“When COVID hit then we had to start de-intensifying our shelters [to create social distancing],” Hartman said. “We actually ended up closing three shelters and consolidating, and we knew that this building provided everything that could provide a healthy, safe place for families that was less traumatic for them.” Continue reading
A coalition to address homelessness in the Seattle region announced a proposal Tuesday to build 6,500 units of permanent supportive housing in King County in a five-year, $1.6 billion effort.
The Third Door Coalition was founded in 2018 “with focused conversations at Seattle University” and includes a group representing the restaurant and hotel industries, academics, and homelessness service providers and advocates including Chad Mackay of Fire & Vine Hospitality, Professor Sara Rankin of Seattle University School of Law, Daniel Malone of the Downtown Emergency Service Center, and Paul Lambros of Plymouth Housing.
“The plan calls for a public-private partnership to fund an estimated capital cost of $1.6 billion over the next five years,” a Seattle City Council announcement on the launch of the effort reads. “The Coalition also identifies ways to drive down the currently high costs of building permanent supportive housing.” First-year council member Andrew Lewis says he will announce “specific policies to advance the goals of the Third Door Coalition’s recommendations” in coming weeks. Continue reading
The Seattle City Council will pursue emergency legislation to limit homeless encampment sweeps during the COVID-19 crisis. South Seattle rep Tammy Morales is joining Central Seattle’s Kshama Sawant and citywide member Teresa Mosqueda in pushing for a compromise solution to the city’s ongoing clearance of people camping and living outside.
Seattle City Council Insight reports the proposed legislation would “align the city’s practices with guidance from the CDC, which has warned that removing encampments can disperse homeless people into the larger community and potentially increase transmission of COVID-19.” Continue reading
UPDATE: The city has provided this new map with updated information
The City of Seattle has deployed a Capitol Hill “comfort station” at Cal Anderson Park as part of efforts to increase access to sanitation for people experiencing homelessness during the COVID-19 outbreak. Meanwhile, another dangerous health crisis has emerged here with a disturbing increase in hepatitis cases in the city.
While modeling shows that Washington may have passed the peak of the coronavirus pandemic, people who are unsheltered are feeling the worst of its effects as minimal access to clean running water and restrooms mean the virus can spread rapidly among this vulnerable population.
This was the tense topic of discussion at a Wednesday meeting of a Seattle City Council committee as officials were confronted with local activists calling on them to reopen public spaces and staff them with the National Guard so they will be available to people who are experiencing homelessness.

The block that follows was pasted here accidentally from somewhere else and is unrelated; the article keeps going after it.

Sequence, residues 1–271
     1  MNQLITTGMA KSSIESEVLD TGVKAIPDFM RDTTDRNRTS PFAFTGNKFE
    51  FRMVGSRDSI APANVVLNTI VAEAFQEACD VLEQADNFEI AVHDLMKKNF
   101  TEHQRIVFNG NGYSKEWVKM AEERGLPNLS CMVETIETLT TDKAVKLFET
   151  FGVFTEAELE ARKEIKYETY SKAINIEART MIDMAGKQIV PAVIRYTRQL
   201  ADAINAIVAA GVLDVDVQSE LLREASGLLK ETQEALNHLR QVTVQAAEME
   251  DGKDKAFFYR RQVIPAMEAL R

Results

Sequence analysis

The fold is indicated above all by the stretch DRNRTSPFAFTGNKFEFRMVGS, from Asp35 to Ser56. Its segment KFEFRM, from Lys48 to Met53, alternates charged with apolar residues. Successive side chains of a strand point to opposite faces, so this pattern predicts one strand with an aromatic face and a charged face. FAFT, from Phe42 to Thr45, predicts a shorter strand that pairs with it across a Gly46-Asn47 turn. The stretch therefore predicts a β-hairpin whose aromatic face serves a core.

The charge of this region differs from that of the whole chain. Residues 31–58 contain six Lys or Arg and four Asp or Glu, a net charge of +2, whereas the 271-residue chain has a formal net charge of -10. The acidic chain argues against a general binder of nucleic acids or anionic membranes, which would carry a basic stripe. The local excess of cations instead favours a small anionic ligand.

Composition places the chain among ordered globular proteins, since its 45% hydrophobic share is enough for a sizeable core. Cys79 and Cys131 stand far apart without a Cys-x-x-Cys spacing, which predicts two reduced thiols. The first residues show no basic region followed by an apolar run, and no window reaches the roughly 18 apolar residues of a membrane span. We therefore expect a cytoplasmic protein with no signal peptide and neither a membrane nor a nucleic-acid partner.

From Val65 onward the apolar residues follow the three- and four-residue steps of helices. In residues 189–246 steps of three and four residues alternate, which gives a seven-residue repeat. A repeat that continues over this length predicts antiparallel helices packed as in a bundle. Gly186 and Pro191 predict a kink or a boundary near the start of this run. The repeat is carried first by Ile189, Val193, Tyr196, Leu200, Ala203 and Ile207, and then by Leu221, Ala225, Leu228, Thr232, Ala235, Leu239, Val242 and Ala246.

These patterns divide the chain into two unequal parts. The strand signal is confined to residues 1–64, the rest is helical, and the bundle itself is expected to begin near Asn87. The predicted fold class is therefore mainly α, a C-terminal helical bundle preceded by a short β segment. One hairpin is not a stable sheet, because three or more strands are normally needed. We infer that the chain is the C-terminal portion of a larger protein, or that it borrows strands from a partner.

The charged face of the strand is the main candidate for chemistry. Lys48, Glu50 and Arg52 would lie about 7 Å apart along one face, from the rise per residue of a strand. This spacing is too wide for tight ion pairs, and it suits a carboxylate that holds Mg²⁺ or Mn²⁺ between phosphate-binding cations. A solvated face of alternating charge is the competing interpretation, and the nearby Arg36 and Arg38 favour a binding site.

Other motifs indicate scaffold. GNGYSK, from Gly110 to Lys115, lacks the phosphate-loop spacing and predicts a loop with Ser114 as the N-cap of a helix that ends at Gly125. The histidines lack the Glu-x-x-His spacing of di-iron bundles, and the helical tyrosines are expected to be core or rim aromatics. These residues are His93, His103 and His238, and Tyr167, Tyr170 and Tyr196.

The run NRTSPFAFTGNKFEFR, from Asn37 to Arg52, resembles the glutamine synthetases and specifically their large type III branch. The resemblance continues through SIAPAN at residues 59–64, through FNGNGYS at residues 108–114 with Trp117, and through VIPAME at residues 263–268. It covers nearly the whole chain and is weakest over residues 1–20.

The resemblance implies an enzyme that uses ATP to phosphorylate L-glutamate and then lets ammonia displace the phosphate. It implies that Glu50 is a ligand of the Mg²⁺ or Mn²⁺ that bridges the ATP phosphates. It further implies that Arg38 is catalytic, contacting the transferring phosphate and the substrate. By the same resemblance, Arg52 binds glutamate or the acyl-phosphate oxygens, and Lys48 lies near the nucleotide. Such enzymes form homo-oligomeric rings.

At the Chief Seattle Club in Pioneer Square, the club’s executive director Colleen Echohawk told the panel that they had to limit bathrooms to four people at a time to comply with social distancing guidelines. One woman, who Echohawk said was menstruating, begged her to use the bathroom.
“I could tell you many, many stories of just desperate need for bathrooms and showers,” Echohawk said. Alison Eisinger, executive director of the Seattle/King County Coalition on Homelessness, added, “What we are seeing unfold in our city is a truly shocking experience.” Continue reading
With COVID-19 set to tear up the city’s budget, District 3 Seattle City Council member Kshama Sawant has turned again to a familiar target: Amazon and the biggest two percent of businesses. But Monday, her council counterparts opted to send a proposal for a new tax on Seattle’s largest companies to provide emergency relief from the pandemic down a legislative pathway not controlled by the Socialist Alternative representative for Capitol Hill’s District 3.
More than 5,400 people signed a petition to the council spearheaded by Sawant to enact the new tax proposed last month with South Seattle rep Tammy Morales. Another over 1,100 people emailed council members calling on them to send the legislation to Sawant’s Sustainability and Renters’ Rights Committee.
Monday, the suite of three bills was sent unanimously to the Select Budget Committee, chaired by council member Teresa Mosqueda, who said she would work to get the legislation a robust discussion with urgency.
Sawant levied criticisms against council member Lisa Herbold and council president Lorena González for their votes to repeal her head tax on Amazon in 2018.
Monday, several council members, including Herbold, pushed back against Sawant for promoting the idea of a divided council during an emergency.
“I don’t think it’s helpful to really promote that divisive approach to how the council does its business,” Herbold said. “I think this council acts in a way that’s fair and respectful of one another.”
Council member Debora Juarez said “this type of politics in the midst of a lethal pandemic, to me, is unacceptable and a waste of time.” Continue reading